Except for the looking glass on the dresser, and the cheval glass in the corner, each of which had been covered just yesterday with a black pall, everything in the boudoir, from Harriet’s Fabergé combs and brushes (one of which still had several strands of her hair caught up in its bristles) and Lalique scent bottles to her absurdly practical carpet slippers standing ready beside her great princess-and-the-pea four-poster bed, was precisely as she had left it on that last day.

    Only afterwards had it occurred to me not only that Father wanted Harriet to be returned to her private sanctuary, but that the room where she was to lie in state was connected to his own by a private door.

    Now Dogger was turning the car in at the Mulford Gates, whose mossy stone griffins stared down impassively upon the procession. I thought, just for a moment as we swept past, that the drops of green water which still oozed from the smutty corners of their eyes after last night’s rain were actually tears.

    Out of respect, the “For Sale” sign had been uprooted and put discreetly out of sight until after the funeral.

    Up the long avenue we went, under the canopy of chestnuts.

    “Arrive Buckshaw 1030 hours,” it had said on the schedule Father posted in the drawing room, and it was so.

    Even as we stepped from the Rolls, the clock in the tower of St. Tancred’s, a mile to the north across the fields, struck the half hour.

    Dogger opened the car’s doors for us, one at a time, and we formed a respectful double line on both sides of the front entrance. There we stood, looking everywhere but straight ahead as Harriet’s coffin was hauled on chromium rollers from the hearse by six black-suited bearers—all of them strangers—and carried into the house.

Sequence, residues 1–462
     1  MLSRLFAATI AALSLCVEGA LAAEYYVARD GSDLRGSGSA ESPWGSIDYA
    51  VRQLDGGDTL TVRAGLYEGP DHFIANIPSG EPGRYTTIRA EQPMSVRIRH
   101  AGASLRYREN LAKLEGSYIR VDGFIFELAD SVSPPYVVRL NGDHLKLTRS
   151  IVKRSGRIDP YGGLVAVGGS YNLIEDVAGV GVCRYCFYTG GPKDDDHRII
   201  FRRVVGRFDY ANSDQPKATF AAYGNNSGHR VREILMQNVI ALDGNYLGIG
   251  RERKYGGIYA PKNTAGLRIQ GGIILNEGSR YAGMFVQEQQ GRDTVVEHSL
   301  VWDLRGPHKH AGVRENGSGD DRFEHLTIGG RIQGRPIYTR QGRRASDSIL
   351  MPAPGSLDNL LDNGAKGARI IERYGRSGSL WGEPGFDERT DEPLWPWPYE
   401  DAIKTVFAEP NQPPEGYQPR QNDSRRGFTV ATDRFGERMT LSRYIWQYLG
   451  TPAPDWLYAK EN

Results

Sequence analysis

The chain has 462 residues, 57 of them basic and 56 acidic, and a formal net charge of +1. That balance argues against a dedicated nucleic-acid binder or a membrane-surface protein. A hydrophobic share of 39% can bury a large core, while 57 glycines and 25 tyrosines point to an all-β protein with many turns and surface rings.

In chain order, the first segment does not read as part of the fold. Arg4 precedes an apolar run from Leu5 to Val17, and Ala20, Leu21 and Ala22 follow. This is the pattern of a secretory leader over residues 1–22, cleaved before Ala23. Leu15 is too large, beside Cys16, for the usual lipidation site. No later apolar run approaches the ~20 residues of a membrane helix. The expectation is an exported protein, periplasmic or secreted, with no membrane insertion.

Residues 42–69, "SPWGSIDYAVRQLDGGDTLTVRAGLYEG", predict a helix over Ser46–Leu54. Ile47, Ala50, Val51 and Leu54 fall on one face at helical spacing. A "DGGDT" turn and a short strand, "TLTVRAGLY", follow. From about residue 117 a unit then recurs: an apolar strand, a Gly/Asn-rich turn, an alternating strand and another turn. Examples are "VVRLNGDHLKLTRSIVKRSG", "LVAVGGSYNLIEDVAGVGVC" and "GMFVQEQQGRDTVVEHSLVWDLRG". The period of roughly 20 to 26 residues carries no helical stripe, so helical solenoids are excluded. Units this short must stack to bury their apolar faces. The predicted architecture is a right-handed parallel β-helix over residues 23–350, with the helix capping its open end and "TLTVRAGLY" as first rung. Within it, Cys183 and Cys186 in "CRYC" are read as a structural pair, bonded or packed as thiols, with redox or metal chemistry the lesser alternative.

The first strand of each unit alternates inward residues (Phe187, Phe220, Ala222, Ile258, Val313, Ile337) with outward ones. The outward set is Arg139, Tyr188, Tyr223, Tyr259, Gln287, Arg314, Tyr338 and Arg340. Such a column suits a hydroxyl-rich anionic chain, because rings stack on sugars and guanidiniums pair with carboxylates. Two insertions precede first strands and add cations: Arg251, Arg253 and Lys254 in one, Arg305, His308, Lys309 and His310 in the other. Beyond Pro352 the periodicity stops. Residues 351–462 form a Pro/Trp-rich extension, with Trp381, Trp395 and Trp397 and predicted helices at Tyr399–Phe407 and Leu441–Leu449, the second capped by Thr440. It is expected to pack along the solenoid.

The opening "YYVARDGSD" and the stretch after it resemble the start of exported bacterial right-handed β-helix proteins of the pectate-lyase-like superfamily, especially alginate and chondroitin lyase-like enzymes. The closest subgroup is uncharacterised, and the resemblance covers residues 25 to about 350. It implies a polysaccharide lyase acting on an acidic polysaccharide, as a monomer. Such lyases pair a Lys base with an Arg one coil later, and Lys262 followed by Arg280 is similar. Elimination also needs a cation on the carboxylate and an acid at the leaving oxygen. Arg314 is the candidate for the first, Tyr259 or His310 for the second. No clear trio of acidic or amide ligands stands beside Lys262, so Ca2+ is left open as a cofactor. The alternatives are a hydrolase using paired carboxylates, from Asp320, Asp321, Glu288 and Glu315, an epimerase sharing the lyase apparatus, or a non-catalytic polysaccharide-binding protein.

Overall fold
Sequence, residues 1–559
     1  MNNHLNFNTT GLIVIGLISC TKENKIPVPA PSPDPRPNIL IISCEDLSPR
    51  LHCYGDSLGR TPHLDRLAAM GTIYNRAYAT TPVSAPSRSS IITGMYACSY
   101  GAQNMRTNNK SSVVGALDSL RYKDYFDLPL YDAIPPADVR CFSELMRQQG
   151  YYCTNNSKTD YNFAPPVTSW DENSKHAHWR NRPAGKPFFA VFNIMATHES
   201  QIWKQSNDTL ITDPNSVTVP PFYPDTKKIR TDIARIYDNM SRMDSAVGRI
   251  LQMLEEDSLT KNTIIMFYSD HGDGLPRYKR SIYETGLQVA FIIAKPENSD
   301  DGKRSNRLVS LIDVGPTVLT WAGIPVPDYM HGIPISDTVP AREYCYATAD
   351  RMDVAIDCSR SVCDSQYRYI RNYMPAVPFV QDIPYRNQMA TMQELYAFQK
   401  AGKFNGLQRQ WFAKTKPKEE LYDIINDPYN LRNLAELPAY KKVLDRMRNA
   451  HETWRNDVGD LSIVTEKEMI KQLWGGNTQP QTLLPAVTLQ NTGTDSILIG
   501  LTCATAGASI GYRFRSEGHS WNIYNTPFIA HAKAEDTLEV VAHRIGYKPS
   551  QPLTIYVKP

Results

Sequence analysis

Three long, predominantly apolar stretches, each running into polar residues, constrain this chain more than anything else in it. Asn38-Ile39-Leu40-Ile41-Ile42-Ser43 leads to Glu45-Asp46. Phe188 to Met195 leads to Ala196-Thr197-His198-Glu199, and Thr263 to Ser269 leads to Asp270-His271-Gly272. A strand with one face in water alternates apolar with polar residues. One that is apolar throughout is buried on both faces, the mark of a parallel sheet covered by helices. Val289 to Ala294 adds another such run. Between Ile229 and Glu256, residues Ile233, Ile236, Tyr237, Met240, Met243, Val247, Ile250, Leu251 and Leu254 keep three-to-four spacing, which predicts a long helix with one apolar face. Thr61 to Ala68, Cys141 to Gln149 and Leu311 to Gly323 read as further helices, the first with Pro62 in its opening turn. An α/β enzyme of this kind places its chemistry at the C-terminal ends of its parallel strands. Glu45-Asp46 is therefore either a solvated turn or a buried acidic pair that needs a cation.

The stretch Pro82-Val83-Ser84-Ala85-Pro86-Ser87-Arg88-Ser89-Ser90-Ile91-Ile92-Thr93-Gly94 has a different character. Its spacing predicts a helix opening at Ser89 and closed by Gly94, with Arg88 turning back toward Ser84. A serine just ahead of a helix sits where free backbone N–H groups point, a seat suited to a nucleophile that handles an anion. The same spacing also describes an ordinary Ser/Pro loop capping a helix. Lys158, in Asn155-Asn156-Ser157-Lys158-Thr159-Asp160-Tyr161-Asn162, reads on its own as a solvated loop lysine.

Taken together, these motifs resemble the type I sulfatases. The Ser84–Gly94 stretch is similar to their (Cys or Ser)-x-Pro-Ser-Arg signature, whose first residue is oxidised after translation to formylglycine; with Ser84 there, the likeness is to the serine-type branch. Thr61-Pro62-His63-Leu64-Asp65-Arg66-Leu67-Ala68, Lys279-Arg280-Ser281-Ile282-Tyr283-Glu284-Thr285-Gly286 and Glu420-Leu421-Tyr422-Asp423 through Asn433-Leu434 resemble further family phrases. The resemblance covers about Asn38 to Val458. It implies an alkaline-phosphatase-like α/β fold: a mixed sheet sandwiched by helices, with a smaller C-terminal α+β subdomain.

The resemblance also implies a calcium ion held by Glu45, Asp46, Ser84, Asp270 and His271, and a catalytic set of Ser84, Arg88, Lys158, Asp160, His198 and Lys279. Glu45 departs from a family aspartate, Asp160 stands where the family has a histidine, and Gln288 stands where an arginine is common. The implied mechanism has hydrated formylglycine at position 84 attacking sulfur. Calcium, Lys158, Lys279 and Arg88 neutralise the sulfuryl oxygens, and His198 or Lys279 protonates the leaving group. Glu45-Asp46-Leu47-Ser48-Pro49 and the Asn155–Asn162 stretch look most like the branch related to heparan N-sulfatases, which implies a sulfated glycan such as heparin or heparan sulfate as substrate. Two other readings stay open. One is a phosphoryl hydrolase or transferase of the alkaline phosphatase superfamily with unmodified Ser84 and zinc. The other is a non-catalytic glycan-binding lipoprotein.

I had never seen Father look more haggard. A wayward bit of breeze ruffled the front of his hair, causing it to stand on end, like a man frightened out of his wits. I wanted to fly to his side and comb it down with my fingers, but of course I didn’t.

    I fell in behind the coffin, as I thought was only right: As youngest of the family, I would be a sort of flower girl—first in the procession.

    But Father stopped me with a hand on my shoulder. Although his sad blue eyes looked directly into mine, he said not a word.

    And yet I understood. As if he had handed me a fat procedures manual, I knew that we were meant to linger a bit longer out of doors. Father didn’t want us to see Harriet’s coffin being manhandled up the stairs.

    It’s things like this that really shake me: sudden terrifying glimpses into the world of being an adult, and they are sometimes things that I am not sure I really want to know.

    There we stood, like stone chessmen: Father, the checkmated king, graceful, but fatally wounded in defeat; Aunt Felicity, the ancient queen, her black hat askew, humming some tuneless tune to herself; Feely and Daffy, the rooks, the two remote towers at the distant corners of our castle world.

    And me: Flavia de Luce.


    Well, not quite, actually—although that was how I felt at the time.

    Since Harriet’s body had been found in a Himalayan glacier, our lives at Buckshaw seemed to have fallen under the control of some unseen force. We were told the when, the where, and the how of everything, but never the why.

    Somewhere, in some far-off vastness, arrangements were being made, plans being laid, all of which seemed to trickle down to us as if they were the freshly melted decrees of some unknown ice god.

    “Do this, do that—be here, be there,” they commanded, and we obeyed.

    Blindly, it seemed.

    That was what I was thinking when my acute hearing picked up a clattering noise coming from the direction of the gates. I turned just in time to see a most unusual vehicle appearing from among the chestnuts and the hedges and coming to a halt on the gravel forecourt.